Baker Street Blues- a tribute to Sir Arthur Conan Doyle and to Sherlock Holmes
I confess. I’d never been to Baker Street in all my long years as a fan of Sherlock Holmes. I’d travelled along it in a bus, or in a taxi but never set foot there until this Sunday.
As I stood on the escalator coming up from the Tube, a tune began in my head. It was almost involuntary and a bit of a surprise to me. Gerry Rafferty’s Baker Street is a total classic and has bitter-sweet significance to me, which is a story I shall keep secret for the moment. As I reached the station exit, the soaring guitar was being overtaken by the saxophone solo and as I stepped finally onto Baker Street, the lyrics began….
“Winding your way down Baker Street, Light in your head and dead on your feet…”
Pretty much summed up how I was feeling. I’d had a thirteen and a half hour working day the day before and had the same that day, though in effect I was free to do what I felt like, while remaining on call. Tiredness notwithstanding, a massive grin spread across my face, the first spontaneous smile I have had for a long while, or so it feels. I joined the queue at the museum and continued to grin for the next hour.
Sherlock Holmes is perhaps the most famous creation of the writer Sir Arthur Conan Doyle but its easy to forget that Doyle was responsible for another fabulous creation too, Professor Challenger, the hero of the novel The Lost World, that has been made into many films since. Sir Arthur was a medical doctor, graduating from Edinburgh, and had a questing mind that took him to many places that were unusual for a man of his class. He did a tour as a ships’ doctor on a voyage to the West African coast, which probably opened the mind of the young Arthur greatly. His lack of success as a medical doctor gave him time to write; he had written as a medical student and his long hours waiting for patients when he first set up practise in Southsea gave rise to the first appearance of Holmes in A Study in Scarlet. Later, set up as an ophthalmologist and recorded he had not a single patient! In total, Doyle wrote four Holmes novels and 56 short stories. Many have been made into films and TV shows, and writers have produced endless tributes and pastiches to the great detective.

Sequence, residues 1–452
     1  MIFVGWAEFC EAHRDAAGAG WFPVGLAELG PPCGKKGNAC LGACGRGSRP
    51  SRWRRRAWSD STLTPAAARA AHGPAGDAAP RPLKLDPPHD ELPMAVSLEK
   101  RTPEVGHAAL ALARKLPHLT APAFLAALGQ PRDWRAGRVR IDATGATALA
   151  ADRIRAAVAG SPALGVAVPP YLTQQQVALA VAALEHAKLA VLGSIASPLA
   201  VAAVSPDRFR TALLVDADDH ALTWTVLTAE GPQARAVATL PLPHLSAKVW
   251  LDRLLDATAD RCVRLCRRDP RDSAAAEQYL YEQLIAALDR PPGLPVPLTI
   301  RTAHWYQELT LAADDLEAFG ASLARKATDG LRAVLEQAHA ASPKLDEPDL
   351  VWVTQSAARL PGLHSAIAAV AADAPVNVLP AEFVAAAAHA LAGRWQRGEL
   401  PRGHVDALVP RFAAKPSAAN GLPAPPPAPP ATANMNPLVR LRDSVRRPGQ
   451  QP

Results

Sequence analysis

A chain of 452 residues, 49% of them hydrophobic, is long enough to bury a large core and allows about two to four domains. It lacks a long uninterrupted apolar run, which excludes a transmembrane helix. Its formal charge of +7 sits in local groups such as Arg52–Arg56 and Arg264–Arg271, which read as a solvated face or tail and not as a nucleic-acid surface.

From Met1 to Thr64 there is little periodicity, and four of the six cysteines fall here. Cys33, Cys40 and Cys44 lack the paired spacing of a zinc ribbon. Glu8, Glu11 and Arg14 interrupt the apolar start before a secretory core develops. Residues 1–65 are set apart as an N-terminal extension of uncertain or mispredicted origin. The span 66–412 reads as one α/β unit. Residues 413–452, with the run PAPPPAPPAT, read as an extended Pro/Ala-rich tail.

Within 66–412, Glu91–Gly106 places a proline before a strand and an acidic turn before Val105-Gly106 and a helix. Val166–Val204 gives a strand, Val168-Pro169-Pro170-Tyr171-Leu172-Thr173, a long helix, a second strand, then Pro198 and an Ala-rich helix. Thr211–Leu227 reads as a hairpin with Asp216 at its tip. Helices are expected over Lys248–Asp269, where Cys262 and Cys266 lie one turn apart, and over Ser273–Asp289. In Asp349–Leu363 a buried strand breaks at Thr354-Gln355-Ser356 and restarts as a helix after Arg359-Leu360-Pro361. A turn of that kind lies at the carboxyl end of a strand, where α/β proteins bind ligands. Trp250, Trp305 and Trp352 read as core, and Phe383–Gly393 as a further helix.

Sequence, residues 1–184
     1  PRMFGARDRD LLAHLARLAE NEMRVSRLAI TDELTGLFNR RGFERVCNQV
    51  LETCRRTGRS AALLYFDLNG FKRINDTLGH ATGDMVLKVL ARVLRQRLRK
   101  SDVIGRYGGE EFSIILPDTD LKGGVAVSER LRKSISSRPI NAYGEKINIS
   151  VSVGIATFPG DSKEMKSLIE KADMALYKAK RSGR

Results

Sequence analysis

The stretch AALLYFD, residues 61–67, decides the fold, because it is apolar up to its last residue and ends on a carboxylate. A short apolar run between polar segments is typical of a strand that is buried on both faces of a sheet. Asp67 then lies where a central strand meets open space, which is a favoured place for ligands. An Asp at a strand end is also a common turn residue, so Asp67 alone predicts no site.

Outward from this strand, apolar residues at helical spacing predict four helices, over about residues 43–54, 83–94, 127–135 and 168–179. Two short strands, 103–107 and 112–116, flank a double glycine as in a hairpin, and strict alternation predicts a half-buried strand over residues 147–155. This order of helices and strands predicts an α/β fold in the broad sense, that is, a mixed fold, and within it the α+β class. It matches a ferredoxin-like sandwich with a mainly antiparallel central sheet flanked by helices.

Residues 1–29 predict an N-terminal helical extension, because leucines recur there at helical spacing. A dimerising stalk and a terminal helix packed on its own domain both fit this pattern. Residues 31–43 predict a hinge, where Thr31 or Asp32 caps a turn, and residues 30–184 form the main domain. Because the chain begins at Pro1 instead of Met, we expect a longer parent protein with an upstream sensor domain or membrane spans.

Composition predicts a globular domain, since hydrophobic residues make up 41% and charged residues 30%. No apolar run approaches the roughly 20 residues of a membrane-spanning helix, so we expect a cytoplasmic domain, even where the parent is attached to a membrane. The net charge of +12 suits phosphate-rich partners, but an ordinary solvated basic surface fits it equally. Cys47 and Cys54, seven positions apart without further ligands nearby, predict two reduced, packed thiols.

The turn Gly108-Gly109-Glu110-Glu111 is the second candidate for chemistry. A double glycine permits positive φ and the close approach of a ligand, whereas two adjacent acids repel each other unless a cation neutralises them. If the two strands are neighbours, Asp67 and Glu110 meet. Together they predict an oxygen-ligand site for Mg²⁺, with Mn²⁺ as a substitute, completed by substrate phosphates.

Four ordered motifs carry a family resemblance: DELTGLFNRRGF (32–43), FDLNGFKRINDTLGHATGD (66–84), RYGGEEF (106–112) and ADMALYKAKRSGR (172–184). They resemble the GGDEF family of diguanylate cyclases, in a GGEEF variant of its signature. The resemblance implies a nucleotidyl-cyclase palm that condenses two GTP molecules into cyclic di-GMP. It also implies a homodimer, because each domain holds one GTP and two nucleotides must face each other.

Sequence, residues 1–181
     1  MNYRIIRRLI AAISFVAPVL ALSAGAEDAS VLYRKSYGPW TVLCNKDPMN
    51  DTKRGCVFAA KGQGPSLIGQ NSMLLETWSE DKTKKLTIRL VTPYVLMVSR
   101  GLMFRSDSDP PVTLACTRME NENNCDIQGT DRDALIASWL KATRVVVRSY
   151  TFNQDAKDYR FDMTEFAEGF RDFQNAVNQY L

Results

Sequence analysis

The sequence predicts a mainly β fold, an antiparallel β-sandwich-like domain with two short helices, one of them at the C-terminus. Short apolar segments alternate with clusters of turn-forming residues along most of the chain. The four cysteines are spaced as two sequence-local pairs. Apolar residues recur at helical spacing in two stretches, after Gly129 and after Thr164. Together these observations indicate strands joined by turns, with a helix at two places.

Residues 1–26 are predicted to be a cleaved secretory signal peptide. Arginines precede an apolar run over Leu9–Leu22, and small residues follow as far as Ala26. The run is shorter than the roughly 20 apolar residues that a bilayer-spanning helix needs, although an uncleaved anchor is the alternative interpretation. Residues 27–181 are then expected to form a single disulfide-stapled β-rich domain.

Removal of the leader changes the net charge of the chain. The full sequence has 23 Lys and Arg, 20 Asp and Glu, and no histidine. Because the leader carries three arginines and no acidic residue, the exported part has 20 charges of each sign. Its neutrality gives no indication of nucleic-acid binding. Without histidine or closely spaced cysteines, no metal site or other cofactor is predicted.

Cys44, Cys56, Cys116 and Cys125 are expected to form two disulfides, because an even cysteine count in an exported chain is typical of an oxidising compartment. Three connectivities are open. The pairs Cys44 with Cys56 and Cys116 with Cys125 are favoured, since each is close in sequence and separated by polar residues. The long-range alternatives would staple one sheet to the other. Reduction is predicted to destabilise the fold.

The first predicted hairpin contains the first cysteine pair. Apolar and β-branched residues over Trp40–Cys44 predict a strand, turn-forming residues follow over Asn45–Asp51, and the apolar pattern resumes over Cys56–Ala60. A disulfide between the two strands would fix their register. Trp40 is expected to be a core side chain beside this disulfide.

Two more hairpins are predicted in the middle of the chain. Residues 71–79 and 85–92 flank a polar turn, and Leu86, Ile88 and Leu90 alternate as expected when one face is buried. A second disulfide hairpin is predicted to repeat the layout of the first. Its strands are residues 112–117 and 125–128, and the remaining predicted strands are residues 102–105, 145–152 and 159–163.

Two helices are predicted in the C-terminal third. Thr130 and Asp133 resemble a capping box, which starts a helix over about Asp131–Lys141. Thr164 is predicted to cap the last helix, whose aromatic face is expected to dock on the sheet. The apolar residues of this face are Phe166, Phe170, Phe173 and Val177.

Visiting the Sherlock Holmes museum on Baker Street was for me akin to a tongue-in-cheek pilgrimage as I fell in love with the great detective when I was nine years old. I passed on this love to my daughter who had the stories read to her as bedtime stories. What makes me love him so?
It’s hard to explain but there was such hope for me in the discovery of a truly clever hero to look up to and aspire to be like. Holmes is thought to be based on Professor Joseph Bell, Doyle’s old university professor, and the fact that while the man himself is fictional, there was a real person behind the stories, gave me a lot of hope that somewhere intelligence is valued above other attributes.
Holmes is a perennial favourite for film and TV and a recent BBC mini series Sherlock relaunched the iconic Holmes to a new public, updating the tales to be set in the present day with huge success. I can only hope that the next series is as excellent as the previous one.
Anyway, if you are not already a fan of Holmes, then what are you waiting for? It’s elementary, my dears!